Sunday, December 28, 2008

New friends, old traditions

Today we gathered at the home of a family that Haj knows through the Young Business Owners' Association. It was a chilly but brilliantly sunny day, and the gusty winds of yesterday had calmed to a chilly breeze. There, we met 3 other families, with children who's ages ranged from 3 to 12.

In the center of the garden, one of the fathers was tending a small wood fire burning under what looked like a tiny water tower. This was a traditional old fashioned rice steamer. The man tending the fire said that his family cooked their daily rice in a contraption like this one every day, until he was a junior high school student. The rice we were cooking was not the regular rice eaten every day, but the glutenous 'mochi' rice that is traditionally cooked during the New Year season. We were about to make mochi, a pounded sticky version of the rice.

While the rice steamed, they brought out a large round wooden stump. Too heavy to carry, they rolled it out into the open, then stood it up. In the top was a perfectly carved 'bowl'. Along with this giant 'pestle', they brought out a huge wooden mallet, the head of which seemed ridiculously overbalanced to one end. They carefully washed out the basin, and kept it damp and warmed with piping hot water.

When the rice was ready, they upended the whole pot into the basin. They then started slowly kneading the rice with the mallet, rubbing and pressing it into the start of a ball. Then the fun began. The 'pounder' stood with the mallet raised above his head, then pounded the ball of rice three times in quick succession. Then, the 'turner' (traditionally the wife of the pounder) reached in and gave the hot doughy rice a quick turn. As soon as her hand is out of the way, the mallot smashes down with a satisfying thwunk. As the pair gets moving, a rhythmic movement of ultimate teamwork follows as the turner boldly reaches into the bowl with each upswing, and is out by the time the mallet comes crashing down again. "Swack - Thump - Swack - Thump..."

The 'dough' gradually gets smoother and stickier, until the turner calls 'time' and they pause. The head of the mallet is cleaned off with hot water, and the ball of dough is flipped completely. Then the rhythm starts up again, always with the initial 3 quick thwumps. Apparently this is a bit of a good luck procedure, to keep the rice from sticking, or something like that.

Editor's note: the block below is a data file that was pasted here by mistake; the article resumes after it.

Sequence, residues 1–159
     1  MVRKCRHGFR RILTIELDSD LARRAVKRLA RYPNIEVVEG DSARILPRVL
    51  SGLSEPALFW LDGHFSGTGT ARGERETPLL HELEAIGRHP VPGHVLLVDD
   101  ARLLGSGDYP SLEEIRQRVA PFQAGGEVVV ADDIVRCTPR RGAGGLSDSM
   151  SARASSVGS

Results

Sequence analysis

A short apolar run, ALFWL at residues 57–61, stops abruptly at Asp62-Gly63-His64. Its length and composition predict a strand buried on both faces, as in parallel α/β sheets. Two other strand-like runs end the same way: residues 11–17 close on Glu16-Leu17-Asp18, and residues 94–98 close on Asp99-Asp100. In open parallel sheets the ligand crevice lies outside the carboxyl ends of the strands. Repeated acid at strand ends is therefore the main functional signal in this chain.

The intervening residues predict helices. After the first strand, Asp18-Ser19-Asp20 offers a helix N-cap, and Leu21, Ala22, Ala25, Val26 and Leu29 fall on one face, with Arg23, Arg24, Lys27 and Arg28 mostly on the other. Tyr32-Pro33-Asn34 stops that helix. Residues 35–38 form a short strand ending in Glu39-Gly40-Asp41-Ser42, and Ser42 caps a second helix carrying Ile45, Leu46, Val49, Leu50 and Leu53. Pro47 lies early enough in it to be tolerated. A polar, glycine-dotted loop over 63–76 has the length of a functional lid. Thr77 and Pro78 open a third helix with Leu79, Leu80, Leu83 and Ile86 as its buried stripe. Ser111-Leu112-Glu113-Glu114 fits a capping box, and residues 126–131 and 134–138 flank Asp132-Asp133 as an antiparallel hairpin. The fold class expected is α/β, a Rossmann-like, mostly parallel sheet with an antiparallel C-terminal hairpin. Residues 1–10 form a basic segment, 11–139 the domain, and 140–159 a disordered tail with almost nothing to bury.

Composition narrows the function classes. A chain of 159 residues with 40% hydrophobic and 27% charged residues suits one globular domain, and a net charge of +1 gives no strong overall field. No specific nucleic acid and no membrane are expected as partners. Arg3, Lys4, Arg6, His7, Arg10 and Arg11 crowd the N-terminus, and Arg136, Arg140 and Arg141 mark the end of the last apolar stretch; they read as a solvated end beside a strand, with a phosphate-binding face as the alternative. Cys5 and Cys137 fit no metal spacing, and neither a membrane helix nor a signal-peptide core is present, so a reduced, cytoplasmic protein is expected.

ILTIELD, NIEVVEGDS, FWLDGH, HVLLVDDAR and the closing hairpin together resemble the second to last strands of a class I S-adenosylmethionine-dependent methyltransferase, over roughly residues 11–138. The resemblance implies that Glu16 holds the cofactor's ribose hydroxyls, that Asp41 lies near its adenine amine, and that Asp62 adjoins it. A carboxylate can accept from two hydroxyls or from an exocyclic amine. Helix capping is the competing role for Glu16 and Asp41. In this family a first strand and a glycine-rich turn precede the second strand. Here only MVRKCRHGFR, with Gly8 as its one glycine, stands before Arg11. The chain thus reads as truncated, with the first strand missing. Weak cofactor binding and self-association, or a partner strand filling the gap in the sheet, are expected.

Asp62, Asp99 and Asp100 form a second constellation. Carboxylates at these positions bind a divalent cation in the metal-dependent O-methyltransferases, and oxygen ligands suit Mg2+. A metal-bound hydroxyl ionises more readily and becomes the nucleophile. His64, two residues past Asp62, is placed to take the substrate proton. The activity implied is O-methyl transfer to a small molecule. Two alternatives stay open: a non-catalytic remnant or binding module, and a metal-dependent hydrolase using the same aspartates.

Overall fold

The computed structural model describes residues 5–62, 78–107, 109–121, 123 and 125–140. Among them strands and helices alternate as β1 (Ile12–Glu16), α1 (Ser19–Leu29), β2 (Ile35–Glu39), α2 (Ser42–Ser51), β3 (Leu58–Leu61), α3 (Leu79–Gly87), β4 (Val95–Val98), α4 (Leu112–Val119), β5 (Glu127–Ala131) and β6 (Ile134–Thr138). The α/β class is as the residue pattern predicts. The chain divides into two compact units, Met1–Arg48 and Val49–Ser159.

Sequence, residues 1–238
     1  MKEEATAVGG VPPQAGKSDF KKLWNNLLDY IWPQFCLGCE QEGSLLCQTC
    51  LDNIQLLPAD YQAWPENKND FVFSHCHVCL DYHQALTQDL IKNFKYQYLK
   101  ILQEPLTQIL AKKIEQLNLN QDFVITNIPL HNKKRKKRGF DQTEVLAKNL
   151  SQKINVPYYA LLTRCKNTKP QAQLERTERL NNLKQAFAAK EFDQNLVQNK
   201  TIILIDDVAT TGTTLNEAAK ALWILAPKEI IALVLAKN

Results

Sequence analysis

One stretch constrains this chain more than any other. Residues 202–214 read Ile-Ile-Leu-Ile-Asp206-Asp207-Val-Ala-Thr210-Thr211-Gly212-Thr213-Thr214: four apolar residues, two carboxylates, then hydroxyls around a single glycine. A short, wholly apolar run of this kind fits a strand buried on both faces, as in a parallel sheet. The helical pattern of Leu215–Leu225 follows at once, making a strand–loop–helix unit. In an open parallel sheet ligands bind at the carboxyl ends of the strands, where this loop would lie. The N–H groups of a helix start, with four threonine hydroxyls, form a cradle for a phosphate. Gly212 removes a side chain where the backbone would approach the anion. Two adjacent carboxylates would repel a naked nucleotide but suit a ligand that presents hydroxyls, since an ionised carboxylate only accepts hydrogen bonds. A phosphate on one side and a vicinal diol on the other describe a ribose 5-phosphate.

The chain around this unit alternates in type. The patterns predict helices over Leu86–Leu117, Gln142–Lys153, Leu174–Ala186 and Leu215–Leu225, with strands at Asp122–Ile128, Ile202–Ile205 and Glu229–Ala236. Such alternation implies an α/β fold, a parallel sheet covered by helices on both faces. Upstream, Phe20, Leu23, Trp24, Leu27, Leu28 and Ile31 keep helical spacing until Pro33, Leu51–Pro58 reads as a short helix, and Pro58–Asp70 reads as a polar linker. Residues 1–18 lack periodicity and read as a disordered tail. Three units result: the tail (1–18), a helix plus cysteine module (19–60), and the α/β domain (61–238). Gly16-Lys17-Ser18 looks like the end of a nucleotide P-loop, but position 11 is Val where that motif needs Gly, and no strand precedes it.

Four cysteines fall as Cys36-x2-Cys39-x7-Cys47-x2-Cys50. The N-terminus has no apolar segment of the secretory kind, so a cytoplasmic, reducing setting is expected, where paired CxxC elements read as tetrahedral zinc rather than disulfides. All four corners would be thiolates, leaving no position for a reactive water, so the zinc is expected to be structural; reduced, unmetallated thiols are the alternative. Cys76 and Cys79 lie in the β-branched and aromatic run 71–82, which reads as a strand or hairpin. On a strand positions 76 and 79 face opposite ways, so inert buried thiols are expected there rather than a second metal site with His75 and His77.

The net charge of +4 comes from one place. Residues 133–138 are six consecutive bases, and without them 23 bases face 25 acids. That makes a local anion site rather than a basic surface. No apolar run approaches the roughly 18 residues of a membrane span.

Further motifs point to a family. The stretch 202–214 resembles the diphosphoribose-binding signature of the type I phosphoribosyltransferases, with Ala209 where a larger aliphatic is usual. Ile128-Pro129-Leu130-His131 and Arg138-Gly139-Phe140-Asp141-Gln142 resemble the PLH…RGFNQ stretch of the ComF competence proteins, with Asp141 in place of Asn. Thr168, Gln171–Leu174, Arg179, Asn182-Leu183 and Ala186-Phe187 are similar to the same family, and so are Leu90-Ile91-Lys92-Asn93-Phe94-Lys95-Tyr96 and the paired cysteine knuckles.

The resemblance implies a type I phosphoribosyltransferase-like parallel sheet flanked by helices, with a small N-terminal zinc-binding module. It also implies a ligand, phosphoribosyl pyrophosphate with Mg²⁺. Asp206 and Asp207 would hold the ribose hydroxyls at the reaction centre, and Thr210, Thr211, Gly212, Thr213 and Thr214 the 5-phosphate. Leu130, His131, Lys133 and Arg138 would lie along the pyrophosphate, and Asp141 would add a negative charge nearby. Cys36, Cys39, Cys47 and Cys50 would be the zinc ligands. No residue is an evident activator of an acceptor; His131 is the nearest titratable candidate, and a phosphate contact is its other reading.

After quite a few cycles, the ball in the basin is a soft glossy white, looking quite like melted marshmallow. Then the women all start squeezing the hot pounded rice into bit-sized balls that look like the mochi we are all familiar with in Japan. The work is hot and fast, as the mochi gets hard as soon as it cools. For variety, we had some with 'anko' (sweet bean paste), some with 'kinako' (ground soy bean mixed with a little sugar), 'karami' (grated daikon radish, green onion, katsuo flakes, and soy sauce), and the ever famous 'ozoni' (hot broth with seaweed). When all the work was done, we all sat down and ate the wonderful fresh soft mochi, and celebrated the end of the year and the upcoming new year.

One more batch of mochi was made, and this time we rolled it into larger discs and powdered them with cornstarch. These we left out to dry and harden. On New Year's Eve, every household displays a two-disc tower of mochi to bring in the new year. So, our New Year mochi preparations done, we cleaned up and headed inside, where the kids enjoyed a karaoke competition on a big-screen projector. Great fun, great new friends, and great old traditions.

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